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Easter in Italy

A visit to Italy during the Easter holidays is an experience of a lifetime: from north to south, cities and towns throughout the Peninsula are celebrating during this time, with processions, religious rites, holy representations, sagre or food fairs, and folkloristic traditions that center around the Passion of the Christ. Holy Week marks several important events for the Christian faith: the Last Supper, the Washing of the Disciples’ Feet, Jesus in the Garden of Gethsemane, the kiss of Judas, the Calvary, the death of Christ, Deposition, Burial and Resurrection. 
On Maundy Thursday (on March 28th this year) is the evening dedicated to the Eucharistic Feast, with the Sepulchre or Tomb visits that take place in every parish (a reproduction of the tomb of Christ), in remembrance of the Last Supper.Leonardo Da Vinci's The Last SupperGood Friday, then, is the day for mourning and sorrow, while the city streets are illuminated with torches that procession along the Stations of the Cross. 
On Holy Saturday, at midnight, church bells announce the Resurrection – moment of great joy that finally finds its culmination on Sunday. After the long phase of Lent, the faithful eat their Easter lamb, and enjoy candy eggs and dove-shaped sweets. The egg, symbol of fertility, of life and its renewal, is strongly linked to Easter and the beginning of spring, the blooming of nature.

Easter celebrations throughout the Bel Paese are many and diverse.
First off, in the north, Bormio (Sondrio) offers a sort of atonement rite as part of its Easter tradition, welcoming spring by blessing five lambs and holding races and contests among the city’s quarters. 
Moving to Italy’s central-north, Easter fun includes the game Punta e cul in Urbania (Pesaro) featuring the egg as protagonist and revolving around ancient peasant traditions. The Egg Sagra and Palio animate Tredozio (Province of Forlì) with games, battles, and parade floats. 

In Florence, rather, the dove is the protagonist of the famous Scoppio del Carro (Explosion of the Cart); the Scoppio dates back to the time of the First Crusade. The cart is led by white steers from Piazzale del Prato to the Duomo, and a dove (actually a species of pigeon in this case) lights the fireworks contained in the cart. Legend has it that if the explosion goes off without a hitch, the year ahead will be a good one for Florence!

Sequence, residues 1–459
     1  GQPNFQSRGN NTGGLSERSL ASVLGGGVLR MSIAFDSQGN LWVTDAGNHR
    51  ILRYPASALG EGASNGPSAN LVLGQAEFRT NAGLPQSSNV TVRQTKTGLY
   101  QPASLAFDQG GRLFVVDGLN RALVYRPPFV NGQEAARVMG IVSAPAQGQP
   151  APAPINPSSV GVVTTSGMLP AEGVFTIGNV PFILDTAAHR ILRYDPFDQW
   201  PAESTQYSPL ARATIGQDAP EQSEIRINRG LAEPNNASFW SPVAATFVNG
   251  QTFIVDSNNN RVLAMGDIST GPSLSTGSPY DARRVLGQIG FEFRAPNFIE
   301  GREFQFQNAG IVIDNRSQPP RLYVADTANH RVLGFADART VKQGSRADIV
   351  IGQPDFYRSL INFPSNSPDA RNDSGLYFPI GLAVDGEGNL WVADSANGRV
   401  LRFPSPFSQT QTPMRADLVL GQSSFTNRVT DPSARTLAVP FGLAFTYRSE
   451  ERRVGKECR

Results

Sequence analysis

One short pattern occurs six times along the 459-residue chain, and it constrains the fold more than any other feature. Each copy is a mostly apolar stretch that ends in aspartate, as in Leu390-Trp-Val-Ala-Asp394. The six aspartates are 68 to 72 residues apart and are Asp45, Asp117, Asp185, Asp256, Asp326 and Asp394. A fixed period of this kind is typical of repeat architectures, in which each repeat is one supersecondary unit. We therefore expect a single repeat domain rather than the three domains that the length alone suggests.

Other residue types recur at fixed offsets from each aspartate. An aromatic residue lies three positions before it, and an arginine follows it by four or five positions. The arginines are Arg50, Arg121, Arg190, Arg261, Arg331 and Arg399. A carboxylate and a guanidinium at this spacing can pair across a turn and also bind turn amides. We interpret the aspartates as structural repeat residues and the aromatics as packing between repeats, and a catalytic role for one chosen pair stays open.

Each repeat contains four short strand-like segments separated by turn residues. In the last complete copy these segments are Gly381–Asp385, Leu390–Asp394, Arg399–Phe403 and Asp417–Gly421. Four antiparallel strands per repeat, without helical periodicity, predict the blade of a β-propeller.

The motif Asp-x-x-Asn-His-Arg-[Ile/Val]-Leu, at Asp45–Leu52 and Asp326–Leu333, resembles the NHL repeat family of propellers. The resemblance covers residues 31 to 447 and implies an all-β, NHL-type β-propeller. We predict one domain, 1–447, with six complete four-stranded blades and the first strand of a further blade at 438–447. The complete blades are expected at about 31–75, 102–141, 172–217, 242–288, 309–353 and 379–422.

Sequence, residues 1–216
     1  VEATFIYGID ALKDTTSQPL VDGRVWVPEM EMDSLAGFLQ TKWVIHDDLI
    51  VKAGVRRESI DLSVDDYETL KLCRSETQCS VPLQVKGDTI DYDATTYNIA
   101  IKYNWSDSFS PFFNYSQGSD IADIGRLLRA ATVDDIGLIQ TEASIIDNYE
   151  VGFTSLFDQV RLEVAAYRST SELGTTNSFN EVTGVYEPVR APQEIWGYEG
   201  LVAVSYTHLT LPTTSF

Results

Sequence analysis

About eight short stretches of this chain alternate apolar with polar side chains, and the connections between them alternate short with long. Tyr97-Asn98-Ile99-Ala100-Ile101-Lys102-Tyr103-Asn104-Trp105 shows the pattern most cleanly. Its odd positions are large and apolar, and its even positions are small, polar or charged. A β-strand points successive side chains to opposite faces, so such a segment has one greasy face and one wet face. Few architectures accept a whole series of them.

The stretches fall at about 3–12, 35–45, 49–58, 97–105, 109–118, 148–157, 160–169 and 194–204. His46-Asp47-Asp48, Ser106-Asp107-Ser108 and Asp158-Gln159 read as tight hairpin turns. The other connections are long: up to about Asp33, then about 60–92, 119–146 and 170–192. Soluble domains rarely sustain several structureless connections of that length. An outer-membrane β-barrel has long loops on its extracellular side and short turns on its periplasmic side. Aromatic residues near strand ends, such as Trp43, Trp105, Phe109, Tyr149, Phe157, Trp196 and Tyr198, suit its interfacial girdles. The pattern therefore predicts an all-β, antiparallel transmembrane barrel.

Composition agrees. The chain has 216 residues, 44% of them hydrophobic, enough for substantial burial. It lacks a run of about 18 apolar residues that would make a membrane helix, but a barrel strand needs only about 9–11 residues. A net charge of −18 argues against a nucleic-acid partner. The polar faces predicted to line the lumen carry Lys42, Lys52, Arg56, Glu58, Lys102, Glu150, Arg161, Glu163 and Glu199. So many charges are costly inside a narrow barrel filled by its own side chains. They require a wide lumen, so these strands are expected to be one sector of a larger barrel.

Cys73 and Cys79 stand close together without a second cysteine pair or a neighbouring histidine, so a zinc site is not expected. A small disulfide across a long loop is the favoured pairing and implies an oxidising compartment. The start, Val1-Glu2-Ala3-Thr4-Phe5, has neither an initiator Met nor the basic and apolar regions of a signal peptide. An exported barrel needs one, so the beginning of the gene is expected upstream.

Further south, in Sulmona (Abruzzo), the rite of Medieval origin, “Madonna che scappa” (lit. the fleeing Madonna) is a local favorite celebrated between the Roman aqueduct and Monte Marrone (in the Maiella National Park). It is a merry and festive procession that runs through the city streets, accompanied by the pealing of church bells and the colors and lights of fireworks.

Holy Week celebrations are also quite characteristic (and of ancient origin) in the islands of Naples Bay, Procida and Ischia. Particularly, on Ischia the Run of the Angel in Forio dates back to 1600, and reenacts the meeting between the Virgin and her Resurrected Son. 
In the heel of Italy’s boot, Apulia  the Holy Week as celebrated in Ruvo di Puglia (Bari) is rich in charm, with evocative parades and processions that go as far back as c. 1600. Meanwhile, in the toe, Calabria, folk traditions predominate, like those in Civita and Frascineto, where the Vallje, or Arbresh folk dances and songs fill the air. The arbëreshë songs, in Albanian dialect, were first composed in the 1800s. They are also sung during the Good Friday procession in Spezzano Albanese (Cosenza).
Then, the Holy Week rites of Sardinia are rather suggestive, and among the most peculiar are the Scrocifissione in Oliena (Nuoro), in which men and women search for the Resurrected Christ, stopping at all the area churches everyday until Saturday, when a statue of Christ is found. 

Of course, Sicily also participates in Easter holiday rites deriving from its own local and longstanding customs and traditions. Pilgrimages and processions of people and animals in mask make their way through the city streets. Much of the population takes part in the parades and holy representations. Visitors should witness the rites in existence since the Spanish domination over Enna,  as well as La Real Maestranza procession in Caltanissetta, the Procession of the Mysteries in Trapani, and the celebrations in Prizzi and Adrano, in which the masks of Death and Demons make their appearances. 

For all those that plan to visit Rome during Easter Week, the Via Crucis procession and Easter Sunday Holy Mass – in the magnificent setting of St. Peter’s Square – are musts.